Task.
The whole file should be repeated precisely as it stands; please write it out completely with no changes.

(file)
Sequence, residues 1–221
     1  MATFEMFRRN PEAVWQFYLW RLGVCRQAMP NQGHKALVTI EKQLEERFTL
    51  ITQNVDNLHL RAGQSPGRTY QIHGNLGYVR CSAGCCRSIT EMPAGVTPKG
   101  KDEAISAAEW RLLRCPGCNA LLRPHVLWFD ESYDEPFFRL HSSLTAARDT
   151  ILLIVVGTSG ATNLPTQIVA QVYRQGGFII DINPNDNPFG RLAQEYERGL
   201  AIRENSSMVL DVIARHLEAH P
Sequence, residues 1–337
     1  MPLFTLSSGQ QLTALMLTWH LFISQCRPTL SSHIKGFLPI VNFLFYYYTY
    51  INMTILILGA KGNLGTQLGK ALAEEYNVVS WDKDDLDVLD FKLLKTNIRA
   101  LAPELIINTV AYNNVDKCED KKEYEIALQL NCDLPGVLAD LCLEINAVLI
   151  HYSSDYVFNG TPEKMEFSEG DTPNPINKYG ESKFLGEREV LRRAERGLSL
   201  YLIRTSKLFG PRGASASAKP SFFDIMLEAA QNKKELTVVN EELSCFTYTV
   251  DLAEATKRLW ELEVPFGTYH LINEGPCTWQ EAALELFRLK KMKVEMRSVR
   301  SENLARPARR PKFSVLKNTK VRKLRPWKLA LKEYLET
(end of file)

Sequence, residues 1–221
     1  MATFEMFRRN PEAVWQFYLW RLGVCRQAMP NQGHKALVTI EKQLEERFTL
    51  ITQNVDNLHL RAGQSPGRTY QIHGNLGYVR CSAGCCRSIT EMPAGVTPKG
   101  KDEAISAAEW RLLRCPGCNA LLRPHVLWFD ESYDEPFFRL HSSLTAARDT
   151  ILLIVVGTSG ATNLPTQIVA QVYRQGGFII DINPNDNPFG RLAQEYERGL
   201  AIRENSSMVL DVIARHLEAH P
Sequence, residues 1–337
     1  MPLFTLSSGQ QLTALMLTWH LFISQCRPTL SSHIKGFLPI VNFLFYYYTY
    51  INMTILILGA KGNLGTQLGK ALAEEYNVVS WDKDDLDVLD FKLLKTNIRA
   101  LAPELIINTV AYNNVDKCED KKEYEIALQL NCDLPGVLAD LCLEINAVLI
   151  HYSSDYVFNG TPEKMEFSEG DTPNPINKYG ESKFLGEREV LRRAERGLSL
   201  YLIRTSKLFG PRGASASAKP SFFDIMLEAA QNKKELTVVN EELSCFTYTV
   251  DLAEATKRLW ELEVPFGTYH LINEGPCTWQ EAALELFRLK KMKVEMRSVR
   301  SENLARPARR PKFSVLKNTK VRKLRPWKLA LKEYLET